If we were to simply read these words on a very superficial level without putting them into the context of the rest of Scripture, we could very easily become very confused! How are we to understand that Jesus “learned obedience”? How are we to understand that “once made perfect” Jesus “became the source of eternal salvation for all who obey him”?
One might think that as the eternal Son of God Jesus was always “obedient”! One might think that as the eternal Son of God Jesus was always “perfect”! As we look at the larger context of Scripture our response to those two statements is: “He was!” and “He is!” At the same time, as we look at the immediate context in which we find these words, we are reminded of the fact that the writer to the Hebrews is specifically talking about, “During the days of Jesus’ life on earth,” that is, during His State of Humiliation.
As the true Son of God, Jesus always was, always is, and always will be “obedient.” As the true Son of Man, Jesus was always “growing” or “becoming stronger” in His “obedience” to His heavenly Father. In fact, in next week’s sermon we will be reminded of the fact that Jesus “humbled himself and became obedient to death— even death on a cross” (Philippians 2:8). Even in the face of “suffering” — or perhaps we should say despite what He “suffered”— Jesus always obeyed God’s Law in our place. Ultimately, Jesus obediently endured the suffering of the cross for us.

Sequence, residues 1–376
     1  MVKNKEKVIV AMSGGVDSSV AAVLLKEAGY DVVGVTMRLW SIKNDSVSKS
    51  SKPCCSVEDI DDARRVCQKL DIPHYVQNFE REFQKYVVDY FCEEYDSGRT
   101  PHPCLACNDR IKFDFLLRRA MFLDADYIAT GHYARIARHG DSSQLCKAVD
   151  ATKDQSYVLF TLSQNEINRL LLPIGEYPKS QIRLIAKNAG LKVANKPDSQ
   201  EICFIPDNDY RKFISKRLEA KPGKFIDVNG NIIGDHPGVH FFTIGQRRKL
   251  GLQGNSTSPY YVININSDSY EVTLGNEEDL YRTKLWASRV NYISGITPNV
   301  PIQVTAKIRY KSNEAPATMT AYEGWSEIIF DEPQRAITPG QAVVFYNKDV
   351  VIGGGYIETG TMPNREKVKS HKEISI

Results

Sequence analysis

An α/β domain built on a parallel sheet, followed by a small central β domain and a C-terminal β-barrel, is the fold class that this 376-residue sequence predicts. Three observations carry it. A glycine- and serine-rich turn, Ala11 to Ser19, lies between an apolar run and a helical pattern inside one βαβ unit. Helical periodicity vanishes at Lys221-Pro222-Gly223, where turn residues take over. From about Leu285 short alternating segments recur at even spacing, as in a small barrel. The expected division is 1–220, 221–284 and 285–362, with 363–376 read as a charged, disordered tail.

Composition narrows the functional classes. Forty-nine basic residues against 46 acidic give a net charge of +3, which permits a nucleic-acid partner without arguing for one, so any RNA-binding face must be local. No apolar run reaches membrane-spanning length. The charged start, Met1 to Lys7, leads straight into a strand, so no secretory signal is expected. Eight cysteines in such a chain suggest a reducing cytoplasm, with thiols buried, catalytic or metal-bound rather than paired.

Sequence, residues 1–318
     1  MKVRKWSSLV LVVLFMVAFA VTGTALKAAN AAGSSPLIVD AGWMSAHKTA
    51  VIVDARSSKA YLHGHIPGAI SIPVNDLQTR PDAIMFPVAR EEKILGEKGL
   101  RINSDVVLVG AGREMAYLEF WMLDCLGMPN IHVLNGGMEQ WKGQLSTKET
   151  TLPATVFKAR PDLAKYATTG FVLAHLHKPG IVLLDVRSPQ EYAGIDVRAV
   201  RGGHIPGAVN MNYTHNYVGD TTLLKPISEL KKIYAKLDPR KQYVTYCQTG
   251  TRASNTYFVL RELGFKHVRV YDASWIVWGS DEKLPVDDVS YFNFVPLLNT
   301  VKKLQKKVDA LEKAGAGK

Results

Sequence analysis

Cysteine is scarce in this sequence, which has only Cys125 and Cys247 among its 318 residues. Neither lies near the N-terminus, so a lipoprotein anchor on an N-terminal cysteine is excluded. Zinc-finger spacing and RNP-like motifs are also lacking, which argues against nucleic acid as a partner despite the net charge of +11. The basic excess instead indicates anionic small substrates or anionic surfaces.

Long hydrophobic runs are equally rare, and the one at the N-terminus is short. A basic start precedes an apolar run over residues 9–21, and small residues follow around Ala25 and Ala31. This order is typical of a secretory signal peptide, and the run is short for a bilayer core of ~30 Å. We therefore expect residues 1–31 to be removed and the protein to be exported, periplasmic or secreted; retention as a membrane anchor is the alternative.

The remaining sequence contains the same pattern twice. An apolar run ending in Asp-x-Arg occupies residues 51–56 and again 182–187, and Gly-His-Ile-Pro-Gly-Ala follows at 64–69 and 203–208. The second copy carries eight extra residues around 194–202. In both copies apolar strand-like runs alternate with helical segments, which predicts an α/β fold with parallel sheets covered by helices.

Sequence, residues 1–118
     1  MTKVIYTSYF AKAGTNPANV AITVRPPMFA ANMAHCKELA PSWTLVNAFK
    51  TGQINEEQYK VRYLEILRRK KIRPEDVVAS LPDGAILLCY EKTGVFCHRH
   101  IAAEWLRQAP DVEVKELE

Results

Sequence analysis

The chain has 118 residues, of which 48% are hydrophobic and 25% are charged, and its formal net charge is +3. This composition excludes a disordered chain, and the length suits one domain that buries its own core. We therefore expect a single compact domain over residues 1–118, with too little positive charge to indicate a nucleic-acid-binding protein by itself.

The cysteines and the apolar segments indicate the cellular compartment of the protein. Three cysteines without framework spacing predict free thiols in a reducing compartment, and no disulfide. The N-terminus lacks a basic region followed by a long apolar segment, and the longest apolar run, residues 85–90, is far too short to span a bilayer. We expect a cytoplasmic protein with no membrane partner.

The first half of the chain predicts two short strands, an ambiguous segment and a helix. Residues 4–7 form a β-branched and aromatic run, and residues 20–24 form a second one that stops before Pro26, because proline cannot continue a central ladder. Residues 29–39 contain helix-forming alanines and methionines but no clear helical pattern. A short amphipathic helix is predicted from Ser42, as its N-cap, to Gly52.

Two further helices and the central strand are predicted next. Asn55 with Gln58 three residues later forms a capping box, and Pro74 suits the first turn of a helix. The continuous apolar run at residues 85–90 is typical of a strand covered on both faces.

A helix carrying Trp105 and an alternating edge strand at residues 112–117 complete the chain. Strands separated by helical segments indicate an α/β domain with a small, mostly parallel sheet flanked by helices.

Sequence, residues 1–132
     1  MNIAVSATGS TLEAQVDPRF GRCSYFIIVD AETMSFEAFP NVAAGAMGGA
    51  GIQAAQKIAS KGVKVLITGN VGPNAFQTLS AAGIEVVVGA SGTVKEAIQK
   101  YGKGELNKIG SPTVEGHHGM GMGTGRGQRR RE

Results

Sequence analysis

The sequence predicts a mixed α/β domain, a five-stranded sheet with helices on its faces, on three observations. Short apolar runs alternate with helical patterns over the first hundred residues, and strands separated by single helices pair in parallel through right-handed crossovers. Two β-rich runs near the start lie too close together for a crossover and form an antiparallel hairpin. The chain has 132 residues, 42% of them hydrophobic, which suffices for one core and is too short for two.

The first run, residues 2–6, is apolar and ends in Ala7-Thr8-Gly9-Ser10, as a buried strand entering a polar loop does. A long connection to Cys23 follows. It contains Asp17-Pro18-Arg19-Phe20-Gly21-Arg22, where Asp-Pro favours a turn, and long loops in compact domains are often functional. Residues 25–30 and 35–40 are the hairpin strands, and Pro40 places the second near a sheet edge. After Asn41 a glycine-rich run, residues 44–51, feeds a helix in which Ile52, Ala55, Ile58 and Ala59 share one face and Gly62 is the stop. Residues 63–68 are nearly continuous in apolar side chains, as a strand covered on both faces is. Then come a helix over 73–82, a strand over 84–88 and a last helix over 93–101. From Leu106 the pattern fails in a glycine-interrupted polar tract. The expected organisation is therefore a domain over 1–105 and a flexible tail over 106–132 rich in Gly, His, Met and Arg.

The second point, “once made perfect,” could cause some serious questions to arise in our minds— if it weren’t for the fact that this is a translation of a very specific Greek word! A very literal translation of verse nine of our text would go like this, “And after having reached His goal, He became the source of eternal salvation for all those who obey Him.” The word which the NIV translates as “once made perfect,” comes from the very same family of words which in John 19:30 the NIV translates as “It is finished.”